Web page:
I see patients often who are tired of fighting the battle with their teeth. They have extensive dental work and will need more in the years to come. Rather than staying the course, they ask about removing their teeth and replacing them with implants. They’re throwing this out there because they think it is a quick fix, but it’s not.
These patients have several options before they enter a state of terminal dentition – or the point in time where teeth are so diseased they must be removed and replaced. However, they see removal as the easier option.
Traditionally, when someone reaches the point of terminal dentition and their teeth MUST be removed a hybrid denture is placed. The denture is secured to four implants and provides a stronger alternative to removable dentures. This sounds too good to be true for a patient who may require several root canals and implants in the coming years.
However, in my professional opinion, this is a last resort. I would not recommend a hybrid denture unless you truly have no other option. It’s not a quick fix and it comes with its own set of risks and challenges.
- You can’t eat hard foods for four to six months. Once the implants are placed, a temporary acrylic denture is secured. This temporary denture is not as strong as the permanent denture and limits the amount of force placed on the teeth while the implants heal. As a result, patients cannot eat hard foods and must stick to a soft-food diet for four to six months.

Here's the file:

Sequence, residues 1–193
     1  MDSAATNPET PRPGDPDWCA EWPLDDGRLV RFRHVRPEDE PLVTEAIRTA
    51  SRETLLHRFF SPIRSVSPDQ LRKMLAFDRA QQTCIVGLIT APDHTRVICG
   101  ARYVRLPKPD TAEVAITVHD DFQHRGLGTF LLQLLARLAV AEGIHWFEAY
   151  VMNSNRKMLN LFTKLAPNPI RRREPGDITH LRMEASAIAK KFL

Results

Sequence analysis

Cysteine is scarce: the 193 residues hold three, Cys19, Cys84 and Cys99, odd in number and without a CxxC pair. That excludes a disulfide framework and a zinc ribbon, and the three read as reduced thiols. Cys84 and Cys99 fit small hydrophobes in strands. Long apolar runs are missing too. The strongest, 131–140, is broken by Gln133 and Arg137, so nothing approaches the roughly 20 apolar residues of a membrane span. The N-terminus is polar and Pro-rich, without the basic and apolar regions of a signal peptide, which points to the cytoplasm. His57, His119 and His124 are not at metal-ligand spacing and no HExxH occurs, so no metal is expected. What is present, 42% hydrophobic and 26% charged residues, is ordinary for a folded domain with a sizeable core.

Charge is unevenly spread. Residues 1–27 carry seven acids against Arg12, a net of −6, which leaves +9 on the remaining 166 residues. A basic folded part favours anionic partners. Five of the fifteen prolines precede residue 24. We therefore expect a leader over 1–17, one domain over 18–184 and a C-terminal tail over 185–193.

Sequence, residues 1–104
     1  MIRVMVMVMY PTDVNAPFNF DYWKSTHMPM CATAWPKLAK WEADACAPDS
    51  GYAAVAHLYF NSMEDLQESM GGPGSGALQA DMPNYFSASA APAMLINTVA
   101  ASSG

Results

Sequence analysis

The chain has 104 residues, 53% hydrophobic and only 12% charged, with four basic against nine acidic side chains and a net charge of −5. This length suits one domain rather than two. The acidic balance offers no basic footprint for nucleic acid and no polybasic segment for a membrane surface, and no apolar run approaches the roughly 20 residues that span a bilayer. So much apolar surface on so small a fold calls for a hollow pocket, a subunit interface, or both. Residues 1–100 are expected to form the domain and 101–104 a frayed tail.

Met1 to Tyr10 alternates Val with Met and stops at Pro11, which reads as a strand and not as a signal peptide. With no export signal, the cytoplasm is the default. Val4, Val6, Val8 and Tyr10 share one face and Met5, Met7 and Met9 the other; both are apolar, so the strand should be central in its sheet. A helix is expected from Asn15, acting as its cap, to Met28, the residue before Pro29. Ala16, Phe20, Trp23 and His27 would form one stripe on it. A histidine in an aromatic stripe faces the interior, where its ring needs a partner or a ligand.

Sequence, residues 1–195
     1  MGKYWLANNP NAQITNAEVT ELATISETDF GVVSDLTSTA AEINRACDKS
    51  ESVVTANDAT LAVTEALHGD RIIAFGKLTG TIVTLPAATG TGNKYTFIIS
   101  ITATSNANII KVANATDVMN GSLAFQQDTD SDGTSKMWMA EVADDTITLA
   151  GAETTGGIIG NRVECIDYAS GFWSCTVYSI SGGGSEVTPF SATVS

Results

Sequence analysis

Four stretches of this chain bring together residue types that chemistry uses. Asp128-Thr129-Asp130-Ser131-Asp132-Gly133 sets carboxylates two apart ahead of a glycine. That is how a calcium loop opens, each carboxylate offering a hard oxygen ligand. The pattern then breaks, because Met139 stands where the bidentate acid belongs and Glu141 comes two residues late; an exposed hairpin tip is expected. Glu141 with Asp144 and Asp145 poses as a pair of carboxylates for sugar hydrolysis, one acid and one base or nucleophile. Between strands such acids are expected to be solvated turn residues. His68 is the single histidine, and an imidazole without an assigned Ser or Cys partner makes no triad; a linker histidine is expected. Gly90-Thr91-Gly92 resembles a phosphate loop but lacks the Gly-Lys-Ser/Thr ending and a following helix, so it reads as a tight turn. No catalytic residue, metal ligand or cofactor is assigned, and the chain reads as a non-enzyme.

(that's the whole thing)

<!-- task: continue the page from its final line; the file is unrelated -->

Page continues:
- The temporary denture is not like your natural teeth. Because the temporary denture is made of acrylic, it does not feel like your natural teeth. This is quite an adjustment for people who are transitioning from teeth that were structurally sound, but perhaps had aggressive periodontal disease that could not sustain them. It is also much harder to clean because it sits on top of the gum, creating a gap between the gum and the denture.
- Regular cleaning and maintenance are required. Once the permanent denture is placed, your time at the dentist is not over. The denture must be removed by a dentist once a year for cleaning and maintenance. During this appointment, the dentist will check the denture and implants to ensure they are still structurally sound and clean around the implant to prevent build up and decay.
After the implants have healed, a stronger denture is placed and the patient can resume their regular diet. Cleaning also becomes easier, as the denture is smoother and harder than the temporary. However, this is still not recommended unless your teeth are negatively affecting your quality of life. Implants require a very invasive procedure where the dentist places a titanium screw in your jaw bone. This alone should deter people from having this procedure done electively.
If you’re concerned about the longevity of your teeth, or unhappy with a recent diagnosis, talk to your dentist about your options. If there is hope to improve the lifespan of your natural teeth, I highly recommend that route. No dental work will ever be as strong as your natural teeth and all options should be explored before removing them and placing a hybrid denture.
Looking for a second opinion? Call our office at (813) 689-4226 to schedule a consultation.